Why probate a Last Will?

After someone dies, who owns their real estate and other stuff?

In Alabama, two court processes exist to determine that question.

If someone dies without a Last Will, the rules for “intestate succession” control and the process is call Intestate Estate Administration.

On the other hand, if someone dies with a Last Will, the process is call Probate Administration. There is no requirement a Last Will be probated.

In fact, about 70% of cases we see in which a person has died, there is no good reason to probate the Last Will or Administer the Estate. As I say, probate is like knee-surgery; don’t do it unless there is a real need. Often, there are very few assets in the “probate estate.” Mind you: a lot of assets someone owns at death may not even pass through probate. For instance, for real estate titled as joint tenant with rights of survivorship, the survivor of the joint tenants gets the property regardless of the decedent’s Last Will. Life insurance is often another asset “passing outside probate;” the beneficiary designations trump any Last Will.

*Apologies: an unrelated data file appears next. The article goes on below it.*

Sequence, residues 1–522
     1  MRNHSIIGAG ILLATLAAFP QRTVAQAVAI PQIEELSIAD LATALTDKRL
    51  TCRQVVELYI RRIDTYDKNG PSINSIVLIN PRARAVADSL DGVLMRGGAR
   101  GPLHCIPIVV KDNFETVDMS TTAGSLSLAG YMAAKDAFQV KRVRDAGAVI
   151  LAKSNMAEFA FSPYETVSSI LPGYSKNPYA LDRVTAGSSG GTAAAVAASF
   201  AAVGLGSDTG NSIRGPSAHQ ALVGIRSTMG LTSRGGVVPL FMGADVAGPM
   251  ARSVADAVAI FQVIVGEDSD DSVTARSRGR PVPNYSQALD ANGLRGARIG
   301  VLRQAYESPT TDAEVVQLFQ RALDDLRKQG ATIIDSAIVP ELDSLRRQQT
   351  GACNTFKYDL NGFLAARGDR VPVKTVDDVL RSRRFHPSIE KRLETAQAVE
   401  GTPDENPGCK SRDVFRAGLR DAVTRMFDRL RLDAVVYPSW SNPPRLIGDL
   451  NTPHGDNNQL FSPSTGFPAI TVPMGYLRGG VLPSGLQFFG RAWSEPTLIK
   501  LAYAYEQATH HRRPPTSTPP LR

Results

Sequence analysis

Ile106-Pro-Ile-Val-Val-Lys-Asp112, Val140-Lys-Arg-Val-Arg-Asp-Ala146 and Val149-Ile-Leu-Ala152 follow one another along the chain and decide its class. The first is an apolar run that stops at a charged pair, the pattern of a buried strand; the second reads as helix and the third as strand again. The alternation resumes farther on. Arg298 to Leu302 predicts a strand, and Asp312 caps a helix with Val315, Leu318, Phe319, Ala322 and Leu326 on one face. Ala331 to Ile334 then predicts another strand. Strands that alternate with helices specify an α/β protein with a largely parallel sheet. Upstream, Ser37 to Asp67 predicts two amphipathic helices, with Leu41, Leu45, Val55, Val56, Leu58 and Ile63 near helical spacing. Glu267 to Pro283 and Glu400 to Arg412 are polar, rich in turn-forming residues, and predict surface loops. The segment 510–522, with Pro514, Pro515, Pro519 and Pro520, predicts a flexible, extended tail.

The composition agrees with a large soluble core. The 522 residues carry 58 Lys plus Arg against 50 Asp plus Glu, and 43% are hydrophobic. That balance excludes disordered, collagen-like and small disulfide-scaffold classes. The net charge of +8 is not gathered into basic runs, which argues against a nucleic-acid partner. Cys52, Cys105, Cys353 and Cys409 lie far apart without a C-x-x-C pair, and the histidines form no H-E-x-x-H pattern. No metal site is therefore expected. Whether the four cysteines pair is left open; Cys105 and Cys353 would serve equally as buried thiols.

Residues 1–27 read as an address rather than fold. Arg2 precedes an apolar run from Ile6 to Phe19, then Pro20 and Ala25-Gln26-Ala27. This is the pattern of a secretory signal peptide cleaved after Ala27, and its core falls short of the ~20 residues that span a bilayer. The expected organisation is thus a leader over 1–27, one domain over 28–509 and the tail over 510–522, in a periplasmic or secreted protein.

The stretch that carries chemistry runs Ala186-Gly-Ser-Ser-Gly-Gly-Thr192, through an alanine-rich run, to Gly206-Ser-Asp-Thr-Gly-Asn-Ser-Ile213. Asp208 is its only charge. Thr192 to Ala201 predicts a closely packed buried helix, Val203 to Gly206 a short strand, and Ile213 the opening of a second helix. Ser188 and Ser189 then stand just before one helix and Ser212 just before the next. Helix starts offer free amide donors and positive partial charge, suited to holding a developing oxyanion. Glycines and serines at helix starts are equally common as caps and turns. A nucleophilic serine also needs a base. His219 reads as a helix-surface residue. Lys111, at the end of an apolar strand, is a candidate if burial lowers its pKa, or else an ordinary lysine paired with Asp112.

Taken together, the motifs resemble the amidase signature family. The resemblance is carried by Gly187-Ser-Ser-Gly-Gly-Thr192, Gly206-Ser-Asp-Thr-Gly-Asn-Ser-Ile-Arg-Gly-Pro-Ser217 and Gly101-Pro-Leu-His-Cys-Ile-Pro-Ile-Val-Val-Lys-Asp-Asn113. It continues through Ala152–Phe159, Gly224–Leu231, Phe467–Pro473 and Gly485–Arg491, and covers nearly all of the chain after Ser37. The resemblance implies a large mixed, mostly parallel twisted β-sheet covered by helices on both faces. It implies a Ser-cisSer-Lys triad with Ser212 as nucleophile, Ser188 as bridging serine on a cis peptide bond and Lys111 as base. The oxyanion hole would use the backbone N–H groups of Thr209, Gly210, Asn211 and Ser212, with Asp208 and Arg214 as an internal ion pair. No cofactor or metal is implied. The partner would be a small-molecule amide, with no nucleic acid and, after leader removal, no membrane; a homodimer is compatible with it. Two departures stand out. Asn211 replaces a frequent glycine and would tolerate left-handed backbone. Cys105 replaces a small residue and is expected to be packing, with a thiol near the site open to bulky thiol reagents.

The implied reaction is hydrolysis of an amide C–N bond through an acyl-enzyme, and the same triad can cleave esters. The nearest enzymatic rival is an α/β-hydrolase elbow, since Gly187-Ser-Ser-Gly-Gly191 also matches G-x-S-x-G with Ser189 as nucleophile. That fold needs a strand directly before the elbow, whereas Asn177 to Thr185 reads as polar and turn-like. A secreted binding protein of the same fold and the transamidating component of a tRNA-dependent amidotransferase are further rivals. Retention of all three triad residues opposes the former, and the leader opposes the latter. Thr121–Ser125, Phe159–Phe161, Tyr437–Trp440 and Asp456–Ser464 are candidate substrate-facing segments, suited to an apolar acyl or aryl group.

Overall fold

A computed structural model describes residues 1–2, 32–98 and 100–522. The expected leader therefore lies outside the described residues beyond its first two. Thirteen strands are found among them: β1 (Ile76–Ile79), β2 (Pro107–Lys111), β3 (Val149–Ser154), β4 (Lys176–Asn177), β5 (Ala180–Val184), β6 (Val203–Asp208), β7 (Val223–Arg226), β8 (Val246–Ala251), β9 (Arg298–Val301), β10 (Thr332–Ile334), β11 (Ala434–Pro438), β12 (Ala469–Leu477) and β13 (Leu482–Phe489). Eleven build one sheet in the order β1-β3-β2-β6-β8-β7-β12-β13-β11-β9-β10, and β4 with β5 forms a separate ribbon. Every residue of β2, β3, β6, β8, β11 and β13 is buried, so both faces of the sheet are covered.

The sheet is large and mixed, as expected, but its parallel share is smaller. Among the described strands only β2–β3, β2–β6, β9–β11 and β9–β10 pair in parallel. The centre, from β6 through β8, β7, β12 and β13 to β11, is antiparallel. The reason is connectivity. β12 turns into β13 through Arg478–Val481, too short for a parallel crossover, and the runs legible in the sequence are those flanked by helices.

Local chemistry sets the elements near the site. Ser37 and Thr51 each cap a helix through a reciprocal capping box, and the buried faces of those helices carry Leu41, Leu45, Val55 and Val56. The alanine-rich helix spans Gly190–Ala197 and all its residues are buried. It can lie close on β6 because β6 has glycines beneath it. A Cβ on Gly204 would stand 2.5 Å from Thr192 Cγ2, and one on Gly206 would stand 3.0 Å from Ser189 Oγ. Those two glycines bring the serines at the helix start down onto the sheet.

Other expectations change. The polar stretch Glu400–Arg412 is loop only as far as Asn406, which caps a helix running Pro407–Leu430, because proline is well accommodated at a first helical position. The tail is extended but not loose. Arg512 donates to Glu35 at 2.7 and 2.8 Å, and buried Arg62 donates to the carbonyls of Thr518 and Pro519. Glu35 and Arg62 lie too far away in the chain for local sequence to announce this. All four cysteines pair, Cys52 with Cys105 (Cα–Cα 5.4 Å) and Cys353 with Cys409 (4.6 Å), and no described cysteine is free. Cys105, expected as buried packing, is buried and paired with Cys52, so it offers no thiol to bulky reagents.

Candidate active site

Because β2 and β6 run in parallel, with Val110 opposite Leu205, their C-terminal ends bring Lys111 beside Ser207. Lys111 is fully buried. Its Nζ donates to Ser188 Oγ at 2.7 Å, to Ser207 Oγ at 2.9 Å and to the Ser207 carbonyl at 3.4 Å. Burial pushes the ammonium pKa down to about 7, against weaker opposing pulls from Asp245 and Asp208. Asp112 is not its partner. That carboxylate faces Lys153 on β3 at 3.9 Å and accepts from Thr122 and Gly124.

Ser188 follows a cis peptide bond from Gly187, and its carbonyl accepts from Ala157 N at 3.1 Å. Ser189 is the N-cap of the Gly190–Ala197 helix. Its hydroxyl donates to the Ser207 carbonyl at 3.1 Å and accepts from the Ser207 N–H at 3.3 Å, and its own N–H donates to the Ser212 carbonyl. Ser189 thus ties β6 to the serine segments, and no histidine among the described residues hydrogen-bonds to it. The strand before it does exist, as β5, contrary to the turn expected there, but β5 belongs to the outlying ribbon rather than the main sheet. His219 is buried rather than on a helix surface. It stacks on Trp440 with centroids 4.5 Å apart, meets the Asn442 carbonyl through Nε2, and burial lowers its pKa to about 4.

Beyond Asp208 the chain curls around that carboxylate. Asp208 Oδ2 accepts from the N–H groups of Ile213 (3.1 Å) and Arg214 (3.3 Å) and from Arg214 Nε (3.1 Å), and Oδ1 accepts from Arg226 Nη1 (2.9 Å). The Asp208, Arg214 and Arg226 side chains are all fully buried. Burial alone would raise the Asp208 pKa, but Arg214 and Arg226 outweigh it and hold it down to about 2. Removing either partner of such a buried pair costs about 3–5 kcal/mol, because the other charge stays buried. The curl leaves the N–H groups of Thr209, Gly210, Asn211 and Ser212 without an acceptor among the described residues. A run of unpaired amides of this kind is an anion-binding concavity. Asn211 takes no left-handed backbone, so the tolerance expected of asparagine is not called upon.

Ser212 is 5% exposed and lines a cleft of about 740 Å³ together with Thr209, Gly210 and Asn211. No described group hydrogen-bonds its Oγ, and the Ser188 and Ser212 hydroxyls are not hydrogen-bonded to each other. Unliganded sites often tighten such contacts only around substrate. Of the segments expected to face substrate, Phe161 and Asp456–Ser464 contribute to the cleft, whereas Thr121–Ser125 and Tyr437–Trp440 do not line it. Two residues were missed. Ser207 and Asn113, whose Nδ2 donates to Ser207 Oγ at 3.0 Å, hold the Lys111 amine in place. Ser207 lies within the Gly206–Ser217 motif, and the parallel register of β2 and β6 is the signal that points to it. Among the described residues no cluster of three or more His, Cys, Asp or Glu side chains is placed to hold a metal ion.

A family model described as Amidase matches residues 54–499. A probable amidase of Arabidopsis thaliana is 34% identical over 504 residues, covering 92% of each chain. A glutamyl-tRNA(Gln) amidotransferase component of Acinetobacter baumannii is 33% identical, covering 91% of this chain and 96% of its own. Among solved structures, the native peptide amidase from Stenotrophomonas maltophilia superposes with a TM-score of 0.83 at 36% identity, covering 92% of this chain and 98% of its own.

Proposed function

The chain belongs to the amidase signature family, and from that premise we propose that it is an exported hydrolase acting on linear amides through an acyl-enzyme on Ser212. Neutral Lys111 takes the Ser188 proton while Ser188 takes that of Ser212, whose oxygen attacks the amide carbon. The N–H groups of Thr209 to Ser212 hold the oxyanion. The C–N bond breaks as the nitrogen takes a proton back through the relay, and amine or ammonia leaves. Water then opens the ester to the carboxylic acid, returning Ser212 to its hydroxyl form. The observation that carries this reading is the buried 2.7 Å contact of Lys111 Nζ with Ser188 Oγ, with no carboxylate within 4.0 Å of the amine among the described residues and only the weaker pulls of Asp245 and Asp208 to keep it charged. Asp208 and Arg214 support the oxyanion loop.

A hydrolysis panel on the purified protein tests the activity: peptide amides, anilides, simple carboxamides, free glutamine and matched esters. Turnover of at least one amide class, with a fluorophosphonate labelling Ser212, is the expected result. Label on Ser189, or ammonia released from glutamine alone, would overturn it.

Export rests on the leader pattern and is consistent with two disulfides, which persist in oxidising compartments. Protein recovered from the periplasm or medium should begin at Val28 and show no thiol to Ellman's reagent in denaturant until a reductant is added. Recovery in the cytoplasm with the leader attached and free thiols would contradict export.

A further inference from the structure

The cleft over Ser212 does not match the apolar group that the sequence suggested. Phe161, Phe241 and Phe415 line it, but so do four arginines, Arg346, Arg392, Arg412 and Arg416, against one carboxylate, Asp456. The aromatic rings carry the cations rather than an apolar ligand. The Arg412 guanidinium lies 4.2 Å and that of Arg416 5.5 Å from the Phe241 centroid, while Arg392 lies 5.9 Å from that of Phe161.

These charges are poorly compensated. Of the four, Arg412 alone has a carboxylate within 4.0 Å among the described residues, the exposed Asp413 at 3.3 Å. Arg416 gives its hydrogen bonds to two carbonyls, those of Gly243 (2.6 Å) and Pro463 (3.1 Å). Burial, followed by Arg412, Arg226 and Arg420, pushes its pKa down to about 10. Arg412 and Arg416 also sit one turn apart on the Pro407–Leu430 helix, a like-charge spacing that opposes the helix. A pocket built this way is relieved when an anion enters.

But often, real property is often the reason to probate and/or administer an estate. For instance, if a man dies owning property as sole title holder (“in fee simple” to be fancy), this is an occasion often needing to go through probate. This is because the public record is silent about (1) who the decedent’s proper heirs are,  (2) the existence of possible creditors or claims against the decedent, and (3) estate tax obligations.

The probate process is a means of confirming who are the proper heirs and “scrubs” the real estate title of any creditor or tax claims. The heirs can receive the property with title of such lingering issues. Absent such “scrubbing,” a sale of the property would almost certainly be hindered from closing. The cloud on the title would be too great.